United States: Federal Circuit Partially Clarifies Obviousness-Type Double Patenting Law In Two Opinions Released The Same Day

The Court of Appeals for the Federal Circuit issued two opinions on December 7 that address two unsettled questions relating to obviousness-type double patenting (OTDP). These issues are of particular interest to pharmaceutical and biotech companies.

In the first opinion, the court held that, because the Uruguay Round Agreements Act (URAA) changed the law for calculating patent term expiration dates, a later-filed, earlier-expiring, post-URAA patent cannot serve as a double patenting reference for an earlier-filed, later-expiring, pre-URAA patent.

In this first case, Novartis Pharms. Corp. v. Breckenridge Pharm. Inc., Nos. 2017-2173, 2175-2180, 2182-2184 (Fed. Cir. Dec. 7, 2018) (JJ. Prost, Wallach, Chen), Novartis owned two patents in the same family that share a common specification and effective filing date. One of the patents, U.S. Patent No. 5,665,772 (the “772 Patent”), was filed pre-URAA and is entitled to a 17-year patent term calculated from the 772 Patent’s issuance date. The other patent, U.S. Patent No. 6,440,990 (the “990 Patent”), was filed post-URAA and is entitled to a 20-year patent term calculated from its earliest effective filing date. Due to this intervening change in the law, the 990 Patent, which was filed and issued after the 772 Patent, expired about a year before the 772 Patent.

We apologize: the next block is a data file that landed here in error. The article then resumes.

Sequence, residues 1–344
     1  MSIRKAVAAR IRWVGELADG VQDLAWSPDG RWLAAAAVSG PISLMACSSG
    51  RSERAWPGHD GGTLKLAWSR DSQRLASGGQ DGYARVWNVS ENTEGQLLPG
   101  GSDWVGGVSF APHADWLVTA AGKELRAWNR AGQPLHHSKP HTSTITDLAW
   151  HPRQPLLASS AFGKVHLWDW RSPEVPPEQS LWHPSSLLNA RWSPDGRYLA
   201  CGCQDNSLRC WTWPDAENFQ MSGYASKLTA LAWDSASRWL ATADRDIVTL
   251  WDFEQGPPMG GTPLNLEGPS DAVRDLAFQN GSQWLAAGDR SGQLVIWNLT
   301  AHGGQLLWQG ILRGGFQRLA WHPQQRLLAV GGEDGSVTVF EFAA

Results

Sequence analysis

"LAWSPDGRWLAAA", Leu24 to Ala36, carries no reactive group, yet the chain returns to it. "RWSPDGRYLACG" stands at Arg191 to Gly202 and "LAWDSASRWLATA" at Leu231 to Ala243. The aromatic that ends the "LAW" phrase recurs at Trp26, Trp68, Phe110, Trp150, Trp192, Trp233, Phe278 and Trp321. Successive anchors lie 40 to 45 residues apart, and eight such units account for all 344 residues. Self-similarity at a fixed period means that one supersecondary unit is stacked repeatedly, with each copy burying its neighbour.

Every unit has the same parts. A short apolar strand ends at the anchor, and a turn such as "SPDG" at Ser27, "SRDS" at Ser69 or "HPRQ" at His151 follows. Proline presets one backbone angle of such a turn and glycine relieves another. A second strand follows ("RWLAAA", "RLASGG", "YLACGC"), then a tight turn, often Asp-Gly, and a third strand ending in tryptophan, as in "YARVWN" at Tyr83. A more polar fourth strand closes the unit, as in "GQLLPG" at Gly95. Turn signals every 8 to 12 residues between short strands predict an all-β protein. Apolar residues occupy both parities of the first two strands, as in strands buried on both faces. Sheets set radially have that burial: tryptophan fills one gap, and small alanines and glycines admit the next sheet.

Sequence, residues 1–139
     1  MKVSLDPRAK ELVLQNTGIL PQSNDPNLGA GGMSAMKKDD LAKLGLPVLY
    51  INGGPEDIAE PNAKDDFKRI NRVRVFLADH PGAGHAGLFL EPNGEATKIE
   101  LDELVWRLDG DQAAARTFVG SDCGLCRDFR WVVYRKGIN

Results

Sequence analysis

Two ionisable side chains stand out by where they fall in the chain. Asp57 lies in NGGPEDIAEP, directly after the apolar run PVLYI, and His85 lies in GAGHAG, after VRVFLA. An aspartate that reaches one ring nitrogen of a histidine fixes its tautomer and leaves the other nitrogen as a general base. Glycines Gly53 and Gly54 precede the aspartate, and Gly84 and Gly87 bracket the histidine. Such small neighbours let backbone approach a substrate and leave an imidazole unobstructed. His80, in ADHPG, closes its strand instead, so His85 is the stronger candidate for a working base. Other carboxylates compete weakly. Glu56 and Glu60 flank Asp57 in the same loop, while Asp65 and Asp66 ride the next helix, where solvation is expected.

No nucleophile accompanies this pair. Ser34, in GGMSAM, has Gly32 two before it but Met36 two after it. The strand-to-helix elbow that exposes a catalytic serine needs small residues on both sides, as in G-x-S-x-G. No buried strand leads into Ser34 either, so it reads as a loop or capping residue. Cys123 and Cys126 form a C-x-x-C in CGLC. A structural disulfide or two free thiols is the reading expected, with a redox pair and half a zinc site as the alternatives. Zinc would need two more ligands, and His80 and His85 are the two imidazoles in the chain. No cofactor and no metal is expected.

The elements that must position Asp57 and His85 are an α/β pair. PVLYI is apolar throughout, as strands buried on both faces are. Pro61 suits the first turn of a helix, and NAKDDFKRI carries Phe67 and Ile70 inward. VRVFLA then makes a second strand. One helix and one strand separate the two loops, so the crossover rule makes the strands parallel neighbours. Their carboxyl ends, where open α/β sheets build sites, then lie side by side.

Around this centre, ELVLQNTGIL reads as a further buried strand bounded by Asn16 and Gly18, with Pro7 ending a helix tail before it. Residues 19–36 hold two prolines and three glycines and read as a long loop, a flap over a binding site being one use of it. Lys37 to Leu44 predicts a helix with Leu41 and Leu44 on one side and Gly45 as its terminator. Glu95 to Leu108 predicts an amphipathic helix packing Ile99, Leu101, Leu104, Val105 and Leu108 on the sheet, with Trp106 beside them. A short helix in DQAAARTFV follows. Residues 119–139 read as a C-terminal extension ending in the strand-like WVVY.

Before the district court, the parties stipulated that, if the 990 Patent, which covers methods of treatment using everolimus, is a proper double patenting reference, the 772 Patent, which claims the compound everolimus, is invalid for OTDP. Novartis sells Zortress® and Afinitor®, both of which contain everolimus as the active ingredient. The district court applied the reasoning of Gilead Sciences, Inc. v. Natco Pharma Ltd., 753 F.3d 1208 (Fed. Cir. 2014) to conclude that a later-filed, later-issued, earlier-expiring patent can properly serve as a double patenting reference for an earlier-filed, earlier-issued, later-expiring patent, and it did not take into account the change in patent term calculations under the URAA.